Once Upon a Brand … Like Right Now!

Marketing professionals have always known the importance of storytelling. Earlier this summer, “What Richard Branson and Phil Knight Teach Us About Brand Storytelling” in Inc.com ends with an assertion:

I met Chief Storytelling Officers at Accenture, Microsoft, Google, SAP and Salesforce. These companies are hiring or designing individuals as Chief Storytelling Officers because stories educate, inform, illuminate and inspire. Tell more of them or hire someone who will.

In the MIT Sloan Management Review, “The Power of Consumer Stories in Digital Marketing” takes this a step further: find some Chief Storytelling Customers.

This dovetails well with what we’ve been told about how important it is for business to connect with customers on social media.  But connect how?  Just showing commercials isn’t going to cut it anymore—it’s all about relationships.

The MSMR cites several studies at that seem to prove the power of customers’ stories in helping to build those relationships:

In fact, across the three studies, there was an average increase of 32% in purchasing consideration when consumer-based storytelling was employed . . .  In addition, respondents who were more likely to “see themselves in the story” had a greater willingness to consider the brand and felt higher levels of self-brand connection and trust.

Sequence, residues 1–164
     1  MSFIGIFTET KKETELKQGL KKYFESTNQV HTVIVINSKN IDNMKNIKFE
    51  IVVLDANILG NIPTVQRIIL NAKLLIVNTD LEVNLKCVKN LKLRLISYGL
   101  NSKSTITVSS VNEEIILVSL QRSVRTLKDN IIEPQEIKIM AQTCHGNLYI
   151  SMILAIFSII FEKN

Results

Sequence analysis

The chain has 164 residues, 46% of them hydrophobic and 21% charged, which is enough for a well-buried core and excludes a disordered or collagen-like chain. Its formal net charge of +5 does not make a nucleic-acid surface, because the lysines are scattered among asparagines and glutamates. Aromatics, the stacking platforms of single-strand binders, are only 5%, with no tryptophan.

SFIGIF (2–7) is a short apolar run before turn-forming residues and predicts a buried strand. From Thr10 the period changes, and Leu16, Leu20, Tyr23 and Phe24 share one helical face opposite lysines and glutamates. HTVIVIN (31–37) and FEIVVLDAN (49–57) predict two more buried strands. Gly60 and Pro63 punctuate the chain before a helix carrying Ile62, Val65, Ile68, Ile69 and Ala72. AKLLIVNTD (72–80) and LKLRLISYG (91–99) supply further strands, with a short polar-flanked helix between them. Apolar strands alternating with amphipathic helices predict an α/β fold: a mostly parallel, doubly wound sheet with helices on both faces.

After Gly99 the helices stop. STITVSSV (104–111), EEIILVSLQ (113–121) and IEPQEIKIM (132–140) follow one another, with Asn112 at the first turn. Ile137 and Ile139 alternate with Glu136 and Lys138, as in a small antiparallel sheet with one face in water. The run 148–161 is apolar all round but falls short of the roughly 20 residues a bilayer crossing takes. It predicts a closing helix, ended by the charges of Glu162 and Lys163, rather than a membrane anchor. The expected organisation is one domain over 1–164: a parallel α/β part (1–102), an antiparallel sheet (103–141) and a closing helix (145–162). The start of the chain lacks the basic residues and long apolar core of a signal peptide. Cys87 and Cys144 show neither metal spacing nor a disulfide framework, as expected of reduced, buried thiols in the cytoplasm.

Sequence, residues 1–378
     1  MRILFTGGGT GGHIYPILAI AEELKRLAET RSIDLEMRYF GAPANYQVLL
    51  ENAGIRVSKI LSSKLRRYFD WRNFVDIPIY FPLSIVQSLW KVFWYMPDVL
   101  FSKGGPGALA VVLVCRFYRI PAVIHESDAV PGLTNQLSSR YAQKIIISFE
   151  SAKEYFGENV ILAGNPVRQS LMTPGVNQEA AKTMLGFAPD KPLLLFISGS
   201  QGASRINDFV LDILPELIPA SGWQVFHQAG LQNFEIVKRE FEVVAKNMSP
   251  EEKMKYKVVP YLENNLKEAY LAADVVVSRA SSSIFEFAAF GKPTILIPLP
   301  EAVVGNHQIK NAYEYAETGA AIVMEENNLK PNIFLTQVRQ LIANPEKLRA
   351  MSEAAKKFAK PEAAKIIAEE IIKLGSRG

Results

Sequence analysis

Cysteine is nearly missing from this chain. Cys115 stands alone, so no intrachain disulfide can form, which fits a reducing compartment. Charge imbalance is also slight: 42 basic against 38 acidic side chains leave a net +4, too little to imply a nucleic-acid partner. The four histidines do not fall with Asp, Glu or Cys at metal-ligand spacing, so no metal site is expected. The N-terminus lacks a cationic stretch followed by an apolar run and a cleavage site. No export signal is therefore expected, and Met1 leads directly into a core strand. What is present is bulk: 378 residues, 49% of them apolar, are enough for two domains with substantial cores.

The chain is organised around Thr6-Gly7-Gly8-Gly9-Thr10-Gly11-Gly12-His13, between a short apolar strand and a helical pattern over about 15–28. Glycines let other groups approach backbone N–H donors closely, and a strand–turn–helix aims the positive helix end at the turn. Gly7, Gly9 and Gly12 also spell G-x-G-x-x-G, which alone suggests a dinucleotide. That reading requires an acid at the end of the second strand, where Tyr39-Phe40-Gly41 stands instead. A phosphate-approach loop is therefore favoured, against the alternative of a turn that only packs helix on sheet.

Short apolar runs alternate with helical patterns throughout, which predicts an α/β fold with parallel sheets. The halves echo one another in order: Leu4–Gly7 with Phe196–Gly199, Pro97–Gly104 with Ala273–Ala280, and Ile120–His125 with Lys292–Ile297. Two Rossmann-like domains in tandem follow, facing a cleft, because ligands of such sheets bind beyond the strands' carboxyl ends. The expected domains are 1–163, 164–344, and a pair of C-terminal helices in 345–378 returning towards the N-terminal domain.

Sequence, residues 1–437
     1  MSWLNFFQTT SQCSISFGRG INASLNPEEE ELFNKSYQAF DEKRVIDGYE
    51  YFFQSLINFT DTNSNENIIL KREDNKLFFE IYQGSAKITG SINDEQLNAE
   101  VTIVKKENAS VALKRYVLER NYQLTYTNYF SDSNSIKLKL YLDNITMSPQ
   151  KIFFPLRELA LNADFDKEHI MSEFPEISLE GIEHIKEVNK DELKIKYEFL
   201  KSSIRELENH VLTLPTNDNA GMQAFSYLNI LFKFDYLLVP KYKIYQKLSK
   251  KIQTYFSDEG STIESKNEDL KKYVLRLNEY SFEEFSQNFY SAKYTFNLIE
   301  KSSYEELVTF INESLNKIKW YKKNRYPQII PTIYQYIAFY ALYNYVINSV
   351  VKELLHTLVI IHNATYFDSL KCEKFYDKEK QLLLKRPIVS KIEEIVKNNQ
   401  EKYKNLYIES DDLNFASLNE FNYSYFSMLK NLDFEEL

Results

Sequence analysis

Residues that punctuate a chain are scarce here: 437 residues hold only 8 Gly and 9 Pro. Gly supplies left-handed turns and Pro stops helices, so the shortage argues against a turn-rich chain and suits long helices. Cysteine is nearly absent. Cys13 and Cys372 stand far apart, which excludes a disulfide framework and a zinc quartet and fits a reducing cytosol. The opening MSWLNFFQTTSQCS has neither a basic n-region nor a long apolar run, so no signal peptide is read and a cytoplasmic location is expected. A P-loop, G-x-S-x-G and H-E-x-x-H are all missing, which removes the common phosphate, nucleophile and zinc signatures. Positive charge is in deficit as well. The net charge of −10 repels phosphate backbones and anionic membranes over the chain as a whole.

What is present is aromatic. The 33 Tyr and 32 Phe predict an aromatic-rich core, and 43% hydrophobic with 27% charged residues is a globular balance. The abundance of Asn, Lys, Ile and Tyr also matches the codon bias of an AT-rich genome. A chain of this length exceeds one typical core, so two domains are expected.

The authors suggest four steps a company can take to gather and utilize consumer stories.

  1. Work with consumers to generate believable and compelling stories. Connecting on social media is invaluable for gathering testimonials.
  2. Convert stories into high quality presentations. But avoid slickness!  While you don’t want poor quality video, overproducing your consumer stories creates skepticism about authenticity.
  3. Embed stories into your social media mix. “Encourage comments, sharing, elaboration, and the creation of consumer-to-brand and consumer-to-consumer information chains across your array of social media.”
  4. Integrate paid media strategies with voluntary sharing of stories on social media. “Companies can pay to include stories in news feeds on Facebook and other paid sites; in addition, look for synergies between social media and mass media.”

If your company has experienced uncertainty as to how to start using social media, the MSMR article gives lots of practical suggestions to get you started.  And if you’d like to talk about some shakeup strategies, personal or professional, send me an email at Scott@doubledareyou.us and we can set up a time to talk.

photo credit: Geoff Livingston Moonrise on the Cape Cod National Seashore via photopin (license)